What I Dislike
There may be brief periods of absolute silence during the game. This is especially common in groups that aren’t super talkative. Usually this happens when everyone is waiting for Spymaster to give his or her clue. To be fair, the Spymasters have the toughest task, so it’s important that they are given ample time to come up with an suitable clue.
Solution: Use the timer that comes with the box to limit how long the Spymaster is allowed to think up a clue. (According to the rules, it’s an optional game component that can be used for any player who’s taking a long time to think.) There’s also a timer app you can download for your phone.
The words on the word cards are different sizes. Regardless of whether I’m the Spymaster or on the guessing side, I find that it’s much easier to read the side with the words printed in larger font (on the white background). Maybe it’s just me, but when I’m scanning through the 5 x 5 grid of words, I find the smaller, italicized words much more difficult to read. To be fair, this really is a minor problem, but it’s worth noting that other people I’ve played with have also pointed that this bugs them, too.
Solution: When setting up the game, have the Spymasters sit on the side with the larger font facing them. Or arrange it the other way, if the guessing players are having problems reading the words.
Codenames is one of those games you should play when you’re with a fairly large group of people. Though this game can be played with a smaller group, I’ve always had more fun when there’s been more players (like 8-10). Too few people and you lose some of the back-and-forth banter that often ensues when one team is trying to figure out which words to guess. Too many people and then you’ve got too many voices in the room (meaning the louder ones will dominate and the quieter ones won’t get much say in the decision making).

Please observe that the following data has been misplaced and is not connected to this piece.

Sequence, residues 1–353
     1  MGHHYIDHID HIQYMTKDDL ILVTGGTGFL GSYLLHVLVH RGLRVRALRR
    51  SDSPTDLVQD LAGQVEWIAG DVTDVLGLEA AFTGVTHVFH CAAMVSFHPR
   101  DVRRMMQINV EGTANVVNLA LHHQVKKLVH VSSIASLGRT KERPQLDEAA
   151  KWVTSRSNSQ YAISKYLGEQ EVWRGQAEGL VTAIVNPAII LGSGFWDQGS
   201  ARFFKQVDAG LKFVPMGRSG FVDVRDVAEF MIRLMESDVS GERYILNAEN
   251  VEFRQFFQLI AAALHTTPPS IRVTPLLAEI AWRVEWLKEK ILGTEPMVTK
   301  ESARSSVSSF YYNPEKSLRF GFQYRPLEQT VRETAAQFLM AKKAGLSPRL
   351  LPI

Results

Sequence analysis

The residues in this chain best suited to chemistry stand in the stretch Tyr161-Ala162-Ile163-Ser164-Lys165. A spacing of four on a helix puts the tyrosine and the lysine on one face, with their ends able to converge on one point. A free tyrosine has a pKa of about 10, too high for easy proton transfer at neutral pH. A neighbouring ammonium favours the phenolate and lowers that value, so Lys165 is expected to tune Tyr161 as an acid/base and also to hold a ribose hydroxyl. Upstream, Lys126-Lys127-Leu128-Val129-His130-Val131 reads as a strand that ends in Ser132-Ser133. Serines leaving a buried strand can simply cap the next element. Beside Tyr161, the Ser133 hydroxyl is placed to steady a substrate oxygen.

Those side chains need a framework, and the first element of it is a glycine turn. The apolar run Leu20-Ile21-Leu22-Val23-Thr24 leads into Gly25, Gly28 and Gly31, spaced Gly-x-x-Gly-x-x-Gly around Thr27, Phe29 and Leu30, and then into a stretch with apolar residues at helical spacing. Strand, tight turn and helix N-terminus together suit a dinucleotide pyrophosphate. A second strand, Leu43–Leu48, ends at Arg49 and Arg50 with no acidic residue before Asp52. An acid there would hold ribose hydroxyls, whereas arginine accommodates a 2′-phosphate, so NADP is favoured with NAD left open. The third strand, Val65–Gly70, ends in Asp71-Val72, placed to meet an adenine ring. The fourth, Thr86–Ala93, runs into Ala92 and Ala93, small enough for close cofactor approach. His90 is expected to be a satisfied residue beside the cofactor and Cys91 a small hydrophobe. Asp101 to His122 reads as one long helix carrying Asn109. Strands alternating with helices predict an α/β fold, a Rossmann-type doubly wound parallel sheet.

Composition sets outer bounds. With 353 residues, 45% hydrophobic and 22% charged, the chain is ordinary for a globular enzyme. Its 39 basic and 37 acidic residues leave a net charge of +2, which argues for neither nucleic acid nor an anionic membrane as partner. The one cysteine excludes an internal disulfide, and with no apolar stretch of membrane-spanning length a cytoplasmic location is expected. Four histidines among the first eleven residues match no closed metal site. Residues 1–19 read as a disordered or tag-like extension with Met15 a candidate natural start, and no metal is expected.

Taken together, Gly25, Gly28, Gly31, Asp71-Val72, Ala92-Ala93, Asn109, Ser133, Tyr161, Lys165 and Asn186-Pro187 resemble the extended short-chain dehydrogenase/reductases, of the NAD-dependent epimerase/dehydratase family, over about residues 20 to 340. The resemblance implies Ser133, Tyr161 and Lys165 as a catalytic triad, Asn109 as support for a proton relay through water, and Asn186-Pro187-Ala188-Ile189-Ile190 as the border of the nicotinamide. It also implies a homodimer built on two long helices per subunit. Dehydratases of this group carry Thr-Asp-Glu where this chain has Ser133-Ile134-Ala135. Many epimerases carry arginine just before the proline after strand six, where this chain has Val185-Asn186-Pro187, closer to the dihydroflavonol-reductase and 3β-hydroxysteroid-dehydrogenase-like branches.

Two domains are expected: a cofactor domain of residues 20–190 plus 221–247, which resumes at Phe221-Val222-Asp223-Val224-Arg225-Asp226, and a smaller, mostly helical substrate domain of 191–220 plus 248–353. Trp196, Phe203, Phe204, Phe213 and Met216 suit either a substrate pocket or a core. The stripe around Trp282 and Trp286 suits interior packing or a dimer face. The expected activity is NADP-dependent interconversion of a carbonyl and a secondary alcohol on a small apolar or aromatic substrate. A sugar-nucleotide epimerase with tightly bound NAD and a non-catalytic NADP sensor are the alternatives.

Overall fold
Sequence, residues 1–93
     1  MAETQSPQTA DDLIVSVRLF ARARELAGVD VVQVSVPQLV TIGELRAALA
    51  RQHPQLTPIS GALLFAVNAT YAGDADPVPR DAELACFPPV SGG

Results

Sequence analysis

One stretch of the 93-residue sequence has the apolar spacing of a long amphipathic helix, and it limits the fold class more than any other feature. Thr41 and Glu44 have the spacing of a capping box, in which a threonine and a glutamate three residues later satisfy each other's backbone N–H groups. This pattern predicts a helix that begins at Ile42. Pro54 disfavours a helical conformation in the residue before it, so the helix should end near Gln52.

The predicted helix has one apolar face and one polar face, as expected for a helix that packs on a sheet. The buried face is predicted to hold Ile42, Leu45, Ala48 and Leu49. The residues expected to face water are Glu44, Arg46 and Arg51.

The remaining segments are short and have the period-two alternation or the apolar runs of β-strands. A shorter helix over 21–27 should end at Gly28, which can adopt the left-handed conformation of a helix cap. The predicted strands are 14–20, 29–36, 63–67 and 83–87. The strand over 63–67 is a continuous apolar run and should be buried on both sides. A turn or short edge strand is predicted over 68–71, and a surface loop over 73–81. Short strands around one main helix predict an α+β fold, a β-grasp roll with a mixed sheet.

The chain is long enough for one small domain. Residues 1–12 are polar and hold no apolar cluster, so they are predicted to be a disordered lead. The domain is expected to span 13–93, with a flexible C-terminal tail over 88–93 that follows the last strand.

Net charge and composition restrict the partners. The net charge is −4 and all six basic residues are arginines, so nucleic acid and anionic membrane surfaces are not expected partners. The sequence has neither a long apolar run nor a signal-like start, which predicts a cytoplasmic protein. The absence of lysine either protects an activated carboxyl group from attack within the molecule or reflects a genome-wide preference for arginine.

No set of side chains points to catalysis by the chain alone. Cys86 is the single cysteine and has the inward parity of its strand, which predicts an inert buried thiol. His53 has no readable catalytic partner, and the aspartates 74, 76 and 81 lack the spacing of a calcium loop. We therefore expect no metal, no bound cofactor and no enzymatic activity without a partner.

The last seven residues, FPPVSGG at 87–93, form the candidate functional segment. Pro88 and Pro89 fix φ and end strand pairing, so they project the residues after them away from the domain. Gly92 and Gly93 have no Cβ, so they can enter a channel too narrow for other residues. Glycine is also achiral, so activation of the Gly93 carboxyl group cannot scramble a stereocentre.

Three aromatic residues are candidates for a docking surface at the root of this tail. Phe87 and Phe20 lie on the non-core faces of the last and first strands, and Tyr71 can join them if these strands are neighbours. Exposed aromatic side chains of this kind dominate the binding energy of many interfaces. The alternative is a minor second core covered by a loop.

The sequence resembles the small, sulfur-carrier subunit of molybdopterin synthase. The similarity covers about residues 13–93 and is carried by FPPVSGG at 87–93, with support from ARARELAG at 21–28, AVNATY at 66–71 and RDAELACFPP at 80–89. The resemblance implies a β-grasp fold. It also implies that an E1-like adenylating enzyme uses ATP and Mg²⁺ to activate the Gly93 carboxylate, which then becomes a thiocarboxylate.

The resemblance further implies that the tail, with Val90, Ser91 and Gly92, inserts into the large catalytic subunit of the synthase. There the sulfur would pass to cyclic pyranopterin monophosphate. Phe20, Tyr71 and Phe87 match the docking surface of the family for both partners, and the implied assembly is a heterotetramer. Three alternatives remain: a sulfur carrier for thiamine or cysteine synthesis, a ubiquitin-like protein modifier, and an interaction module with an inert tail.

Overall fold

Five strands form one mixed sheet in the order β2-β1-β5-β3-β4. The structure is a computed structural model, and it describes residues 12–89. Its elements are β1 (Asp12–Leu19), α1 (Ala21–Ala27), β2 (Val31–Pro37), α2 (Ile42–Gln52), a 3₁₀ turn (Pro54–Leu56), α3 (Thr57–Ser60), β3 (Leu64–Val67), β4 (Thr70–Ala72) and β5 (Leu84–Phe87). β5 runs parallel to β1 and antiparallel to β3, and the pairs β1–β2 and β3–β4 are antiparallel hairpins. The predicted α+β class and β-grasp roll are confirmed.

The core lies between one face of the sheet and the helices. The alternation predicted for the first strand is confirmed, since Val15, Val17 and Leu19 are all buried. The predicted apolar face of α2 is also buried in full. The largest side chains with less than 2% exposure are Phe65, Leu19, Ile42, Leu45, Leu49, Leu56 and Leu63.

I also should add that this game plays extremely well in multi-generational groups. Last spring I played a game with players as young as 12 to players in their late 50’s. It’s very hard to find games that appeal to such a wide age range and Codenames happens to be one of them.
It’s easy to see why Codenames is considered the top party game (out of 400+ games) on Board Game Geek. This game is incredibly accessible, and it will appeal to both the competitive gamer and the non-gamer who just wants to have a good time. I especially appreciate that Codenames doesn’t require a lengthy time commitment. It’s also a game where people can join in or drop out at any point and you’re still going to have a great time. If you’re looking for a fast game that lots of people can play together, then I highly recommend you add this one to your collection.
This review was originally posted over at my blog: More Than Just Monopoly.
- Last edited Sun Oct 16, 2016 12:27 pm (Total Number of Edits: 1)
- Posted Sat Oct 8, 2016 11:19 am
Interaction leads to Immersion.
Immersion leads to Fun.
Ultimate Party Game?
I really had to think about other games than Codenames when reading that, such as Panic on Wall Street.
I must confess I've never played Panic on Wall Street. All I know is that I've had great success playing Codenames with a wide variety of ages, personality types, and group sizes. But it's very likely that there are other games worthy of the title "ultimate party game".
- Last edited Sun Oct 9, 2016 5:45 am (Total Number of Edits: 1)
- Posted Sun Oct 9, 2016 5:42 am